"All those Earthboundsfor under $10. Those seem to be the crowd favorite."
Collecting video game-related relics does a lot more than satisfy a nostalgia itch. For at least two of the moderators, the practice is much more personal.
"I had what one might consider a tough life growing up," maverickrenegade revealed. "I went through the wringer as a child. Divorce, foster homes, the death of a parent at a young age, social outcast, depression because of aforementioned items, etc. Video games were my means of escape and that's where my passion for them developed."
"I would love to thank my dad for buying me that Sega Genesis during those hard times," he continued. "Your sacrifice may have gone unnoticed when I was kid, but it definitely doesn't as an adult. If it weren't for him introducing me that new world, I may not have made it out of my childhood as unscathed as I had."
Informationator's passion also developed under less-than-ideal circumstances.
"When we were young, my family wasn't very well off financially, but I never knew it because of how much effort my parents put into providing for us, loving us, and instilling joy in our lives," he said. "On one very special Christmas, that took the form of an NES; with a little help from our grandparents they managed to buy us a system and a few games and man did we play the snot out of that thing! That was the start of something beautiful."
"Here's how awesome my mom is," he continued. "Back when we were poor and living in middle-of-nowhere Texas she managed to—over the course of YEARS—track down every single Mega Man game for the NES. It took many birthdays and Christmases, but she managed to find all six for me. It's a testament to the kinds of lengths she would go to in order to make her kids happy."
Whether it's the thrill of the hunt, the thirst for nostalgia, or touching on something far more personal, the r/gamecollecting community manages to satisfy the needs of its members and moderators alike.
"Gaming is something that can easily bring the two most unlikely people together," humanman42 proclaimed. "The simple mentioning of Mario or Sonic can spark a conversation."
And that is a feat even more amazing than, for example, coming across rare Chrono Trigger test cartridges.
Photo via freespamfree/Flickr
First the toys come out. Then they spread out on the floor. The kid knocks the basket over, but it simply doesn't matter. Mom's away, so the boys will play—for hours and hours and hours on end.
Emio Tomeoni is a Kansas City filmmaker with ties to NBC Universal. Tomeoni's wife Stephanie apparently had to work one afternoon, so the man did what any father of an infant would do if he had an afternoon alone with his kid: he reverted back to his childish ways.
Throughout this adorable 4-minute time-lapse, the two guilty parties manage to get into every sort of trouble that two kids at heart can muster up.
They don hats, throw stuffed whales at each other, stand on tables, and wrestle on couches. Tomeoni throws his kid in a box and shuts the lid then drinks juice where he's probably not supposed to.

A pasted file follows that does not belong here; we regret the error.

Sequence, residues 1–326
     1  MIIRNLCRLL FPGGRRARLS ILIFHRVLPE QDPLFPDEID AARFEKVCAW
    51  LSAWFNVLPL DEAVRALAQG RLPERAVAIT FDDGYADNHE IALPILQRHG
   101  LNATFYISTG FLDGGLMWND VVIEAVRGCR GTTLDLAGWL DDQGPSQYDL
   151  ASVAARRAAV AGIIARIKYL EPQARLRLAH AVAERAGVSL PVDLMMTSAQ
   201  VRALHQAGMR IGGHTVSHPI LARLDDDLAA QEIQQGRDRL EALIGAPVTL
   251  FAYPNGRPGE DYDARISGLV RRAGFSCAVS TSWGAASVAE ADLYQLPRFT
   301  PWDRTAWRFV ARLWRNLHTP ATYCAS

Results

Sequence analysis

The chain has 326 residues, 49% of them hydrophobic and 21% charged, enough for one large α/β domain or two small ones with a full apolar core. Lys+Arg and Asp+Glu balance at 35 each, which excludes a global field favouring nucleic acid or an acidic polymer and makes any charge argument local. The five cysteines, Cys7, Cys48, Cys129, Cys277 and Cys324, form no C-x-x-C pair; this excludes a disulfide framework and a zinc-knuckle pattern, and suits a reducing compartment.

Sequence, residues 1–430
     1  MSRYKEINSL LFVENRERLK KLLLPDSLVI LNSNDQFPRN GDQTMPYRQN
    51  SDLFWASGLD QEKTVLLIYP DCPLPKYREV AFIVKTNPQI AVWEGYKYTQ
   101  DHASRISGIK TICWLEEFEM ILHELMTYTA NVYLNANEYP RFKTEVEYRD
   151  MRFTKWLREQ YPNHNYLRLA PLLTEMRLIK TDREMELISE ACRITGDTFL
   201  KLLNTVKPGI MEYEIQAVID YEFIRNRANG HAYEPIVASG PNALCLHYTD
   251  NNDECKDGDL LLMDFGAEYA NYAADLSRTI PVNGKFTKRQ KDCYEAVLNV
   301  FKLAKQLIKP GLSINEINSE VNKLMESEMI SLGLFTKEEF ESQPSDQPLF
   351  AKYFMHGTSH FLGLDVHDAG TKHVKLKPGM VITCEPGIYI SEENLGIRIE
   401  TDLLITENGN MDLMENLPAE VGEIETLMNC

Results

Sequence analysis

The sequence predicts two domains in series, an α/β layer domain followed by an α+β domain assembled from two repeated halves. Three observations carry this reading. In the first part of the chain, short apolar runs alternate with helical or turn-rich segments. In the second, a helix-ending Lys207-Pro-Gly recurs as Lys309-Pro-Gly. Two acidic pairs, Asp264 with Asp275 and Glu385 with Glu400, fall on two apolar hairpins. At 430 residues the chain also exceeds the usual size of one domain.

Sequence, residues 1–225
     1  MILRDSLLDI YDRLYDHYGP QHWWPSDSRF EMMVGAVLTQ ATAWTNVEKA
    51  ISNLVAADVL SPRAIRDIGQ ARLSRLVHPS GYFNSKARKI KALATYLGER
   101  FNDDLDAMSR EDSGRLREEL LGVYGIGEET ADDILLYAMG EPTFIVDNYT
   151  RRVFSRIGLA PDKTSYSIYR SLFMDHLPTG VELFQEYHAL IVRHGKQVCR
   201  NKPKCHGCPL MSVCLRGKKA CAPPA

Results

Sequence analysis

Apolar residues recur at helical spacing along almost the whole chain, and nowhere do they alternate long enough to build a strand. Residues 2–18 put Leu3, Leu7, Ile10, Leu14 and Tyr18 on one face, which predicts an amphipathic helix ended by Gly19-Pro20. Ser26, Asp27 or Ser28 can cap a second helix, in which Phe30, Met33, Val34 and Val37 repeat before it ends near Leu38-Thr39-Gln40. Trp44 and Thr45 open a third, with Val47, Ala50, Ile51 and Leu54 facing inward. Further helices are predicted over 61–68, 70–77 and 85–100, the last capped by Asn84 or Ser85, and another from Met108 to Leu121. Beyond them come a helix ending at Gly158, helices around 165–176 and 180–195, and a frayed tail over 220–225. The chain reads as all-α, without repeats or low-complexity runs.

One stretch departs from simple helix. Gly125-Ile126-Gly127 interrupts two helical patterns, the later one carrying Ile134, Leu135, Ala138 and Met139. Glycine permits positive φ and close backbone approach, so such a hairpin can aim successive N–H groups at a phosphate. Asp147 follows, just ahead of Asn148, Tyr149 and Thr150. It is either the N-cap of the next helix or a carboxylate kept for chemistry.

The two play a keyboard with their feet, frolic shirtless around the living, and eat sandwiches while sitting on the table. They shoot hoops and play African drums. Tomeoni takes a call from his wife and then changes his kid's diaper. After that is when the cleanup begins.
The whole process is over in a minute—or less, if you're keeping time with the time-lapse. When it's over, the room is clean; the kid's diaper, as well. It was like mom never left. But then there's that video.
Photo via MEoProductions/YouTube
Call it Episode VI: Return of the Self-Published Author.
After having his Star Wars–centric memoir yanked from Amazon's Kindle store earlier this week, Gib van Ert's A Long Time Ago: Growing Up With and Out of Star Wars is once again available to e-book readers on the retail giant.
The increasingly popular philosophical topic of who "owns" Star Wars flared up across the Internet earlier this week when Amazon chose to briefly stop selling A Long Time Ago over fears that the title and content may be infringing on Lucasfilm copyright. But after a series of blog postings by Van Ert and others, the online retailer quickly reversed its decision.
In an email to the Daily Dot, Van Ert praised Amazon's handling of the situation:
I'm a big fan of Amazon. They do so many things right. In this instance, I think they initially got it wrong, but it only took them 36 hours to correct the mistake. That's amazing when you consider how large a business it is, and that this all happened at Christmas. […] I'm entirely satisfied with how Amazon has treated me in the end. I never took the view that I had a "right" to be on Amazon. I only questioned why they thought there was a trademark issue. I didn't think there was, so I wanted to address that.
An Amazon spokesperson was quick to inform the Daily Dot that Van Ert's book was once again available in the Kindle Store, but declined to speak in detail about the company's process for reviewing self-published materials for potential copyright infringements—including whether or not the Walt Disney Company's recent purchase of Star Wars and Lucasfilms had any role in the company being overly cautious in this case.
Copyright infringement and self publishing is a murky issue. There are no shortage of pop culture memoirs and manifestos available on Amazon. Whether or not these books are legal comes down to an issue of fair use vs. copyright infringement—something Star Wars fans know all about.